So many people I know think they don’t like opera. They have little experience of it and perhaps are intimidated by the foreign languages, the length of the performances, and the use of music for all the dialogue. Whatever the reason, they avoid anything which smacks of opera.
The 2020 New Year’s Eve Gala concert from the Metropolitan Opera of New York on Thursday should be an exception. Filmed in Augsburg, Germany, live from the neo-Baroque Parktheater (“a marvel of glass and cast-iron” which opened in 1886), it is a delightful concert appealing to opera experts and novices alike. It premiered on New Year’s Eve and is available to view by streaming until January 13th.
The setting is stunning. When most other opera houses around the world are shuttered, this performance comes from an opera house which is small, intimate, and with what appear to be windows which let in natural light. Lighting for the concert used the windows to wonderful effect. All the seats on the floor of the hall were removed, replaced by a small round stage where the performers sang, accompanied by a pianist for some songs and a small string ensemble for others. The production was conducted according to German COVID-19 requirements, shot with numerous cameras, linked to the control room in New York, and directed by Gary Halvorson, the director of the Met’s Live in HD theatre transmissions.
The Gala program includes arias, duets, and ensembles from Donizetti’s La Fille du Regiment, Puccini’s La Boheme and La Rondine, Verdi’s Il Trovatore and La Traviata, and others, as well as operetta excerpts and Neapolitan songs. These are some of the most popular pieces in classical music and will be familiar to many who think they know nothing about opera. Excerpts from the concert are available on YouTube.
The performers are sopranos Angel Blue and Pretty Yende and tenors Javier Camarena and Matthew Polenzani. Blue starred as Bess in the Met’s production of Gershwin’s Porgy and Bess, which opened the 2019–20 season. She is founder of the non-profit Sylvia’s Kids Foundation, which offers scholarships to high school graduates. Yende comes from South Africa, made her debut in Latvia and has sung with most major opera companies around the world. Mexican tenor Camarena is “one of opera’s most celebrated bel canto singers.” He made his Met debut in 2011 as Count Almaviva in Il Barbiere di Siviglia. American tenor Polenzani made his debut at the Met in 1997 as Boyar Khrushchov in Boris Godunov and has sung nearly 400 performances of 40 roles at the Met since.
The women wear lavish dresses, the men tuxedos. Needless to say, their singing is superb. It was wonderful to see them perform live in such a setting, and to know that people were watching together from all over the world.
Tickets are $20 and can be purchased on the Met’s website at metopera.org. Once you have a ticket, you can watch the concert as often as you wish. The concert can be seen on a computer, mobile device, or a home entertainment system (via Chromecast or AirPlay).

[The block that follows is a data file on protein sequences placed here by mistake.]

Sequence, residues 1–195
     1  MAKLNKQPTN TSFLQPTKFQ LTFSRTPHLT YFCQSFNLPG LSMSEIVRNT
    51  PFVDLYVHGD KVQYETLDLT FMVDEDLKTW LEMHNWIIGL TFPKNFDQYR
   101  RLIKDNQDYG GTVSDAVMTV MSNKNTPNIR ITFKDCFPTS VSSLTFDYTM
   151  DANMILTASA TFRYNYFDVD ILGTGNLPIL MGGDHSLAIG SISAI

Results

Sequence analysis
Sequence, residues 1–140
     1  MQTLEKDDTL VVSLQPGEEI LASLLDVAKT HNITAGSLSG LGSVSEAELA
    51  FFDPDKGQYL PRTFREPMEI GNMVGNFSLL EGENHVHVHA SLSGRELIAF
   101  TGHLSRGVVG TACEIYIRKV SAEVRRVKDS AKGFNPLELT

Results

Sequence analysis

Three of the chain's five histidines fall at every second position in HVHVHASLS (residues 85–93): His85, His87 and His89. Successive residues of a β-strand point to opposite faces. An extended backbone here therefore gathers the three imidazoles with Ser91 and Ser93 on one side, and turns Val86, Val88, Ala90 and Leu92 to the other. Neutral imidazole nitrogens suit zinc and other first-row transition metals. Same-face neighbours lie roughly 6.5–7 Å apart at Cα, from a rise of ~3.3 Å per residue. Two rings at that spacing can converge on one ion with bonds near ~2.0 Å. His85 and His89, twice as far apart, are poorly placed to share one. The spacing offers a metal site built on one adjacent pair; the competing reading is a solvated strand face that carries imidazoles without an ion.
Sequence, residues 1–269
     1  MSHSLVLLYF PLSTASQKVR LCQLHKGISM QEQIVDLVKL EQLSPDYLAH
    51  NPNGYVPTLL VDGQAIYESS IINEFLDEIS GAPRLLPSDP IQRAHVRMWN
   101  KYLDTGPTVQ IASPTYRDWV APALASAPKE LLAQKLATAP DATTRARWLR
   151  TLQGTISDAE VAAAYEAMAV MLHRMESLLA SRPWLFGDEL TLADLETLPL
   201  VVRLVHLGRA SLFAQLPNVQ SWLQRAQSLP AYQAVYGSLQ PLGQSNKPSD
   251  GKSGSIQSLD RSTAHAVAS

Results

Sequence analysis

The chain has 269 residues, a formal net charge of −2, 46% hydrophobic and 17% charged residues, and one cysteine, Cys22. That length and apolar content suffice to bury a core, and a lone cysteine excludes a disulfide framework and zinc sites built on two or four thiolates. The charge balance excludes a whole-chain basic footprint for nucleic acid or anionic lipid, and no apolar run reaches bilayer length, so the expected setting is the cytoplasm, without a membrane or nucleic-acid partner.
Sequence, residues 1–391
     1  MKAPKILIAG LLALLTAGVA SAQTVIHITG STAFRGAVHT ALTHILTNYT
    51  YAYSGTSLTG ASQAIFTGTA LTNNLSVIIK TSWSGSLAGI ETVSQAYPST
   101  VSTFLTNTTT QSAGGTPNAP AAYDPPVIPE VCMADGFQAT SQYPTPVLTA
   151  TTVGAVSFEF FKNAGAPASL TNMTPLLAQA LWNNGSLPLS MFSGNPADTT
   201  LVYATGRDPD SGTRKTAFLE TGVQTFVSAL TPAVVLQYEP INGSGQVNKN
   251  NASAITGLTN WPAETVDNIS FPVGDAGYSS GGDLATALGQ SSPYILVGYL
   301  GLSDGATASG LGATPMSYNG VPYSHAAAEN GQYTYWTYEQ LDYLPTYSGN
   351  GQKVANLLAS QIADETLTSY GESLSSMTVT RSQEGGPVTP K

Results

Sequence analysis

The Gala Concert has been marketed as part of the Met’s fundraising campaign “to support the company and protect its future.”
To put it into context, you may be interested to know that the New Year’s Eve Gala has contributed to labour conflicts at the Met. The newsletter, Ludwig Van Toronto, on January 1, 2021, published an article by Anya Wassenberg entitled “THE SCOOP | Frictions Grow Between Met Opera, Met Orchestra And Staff After New Year’s Gala.”
The Met is the largest classical music organization in the US with about 1000 employees including musicians, stagehands, and members of the chorus. It is said that the Met has lost $154 million in revenues since the pandemic began. On Thursday, Local 802 of the American Federation of Musicians complained that the Gala continued the Met strategy of outsourcing its musicians which was “artistic malpractice and unacceptable.” In December, the stagehands were locked out. The unions are concerned that employees of the Met have not been paid or supported during the pandemic, and that future contract negotiations will be affected. I had assumed that the “fundraising campaign,” which was the purpose of the MetStars series and the Gala, would have supported as many Met employees as possible. Apparently, it did not extend to the musicians, stagehands, and chorus.
Comments about the New Year’s Gala reflect the situation. Most agree that it was a splendid concert with great music and fabulous production values. Some chose to boycott the concert because of the labour issues. I have no informed opinion about the situation. The only thing I will say is that the Metropolitan Opera has led the world in making opera accessible to the masses. If making opera more popular is one of the objectives of the MetStars series, including the Gala, then it will contribute to the future of the art. That is a good thing.
As for the concert, it is absolutely exhilarating. The choice of music is diverse, demanding, delightful, and upbeat. The words reflect common operatic themes, the vagaries of human experience, and are translated in the subtitles. The performers are super-energetic and totally engaging. That they touch each other, hold hands, and hug is novel and good to see after ten months of rigid physical distancing. By the time they end the concert, singing Auld Lang Syne, they clearly are having great fun. It’s a concert which will leave you smiling as you enter the new year.
(By the way, Ludwig Van Toronto, and Ludwig Van Montreal, are websites dedicated to lovers of classical music. Their email newsletter notes that while the mainstream media is cutting back on classical music coverage, Ludwig Van is investing in it. Its motto is “If You Think Classical Music is Dead, You’re Dead Wrong!” You can choose to receive the email newsletter daily, weekly, or monthly. I had no idea that it existed and am delighted to plug into what it has to offer. Check out their website.)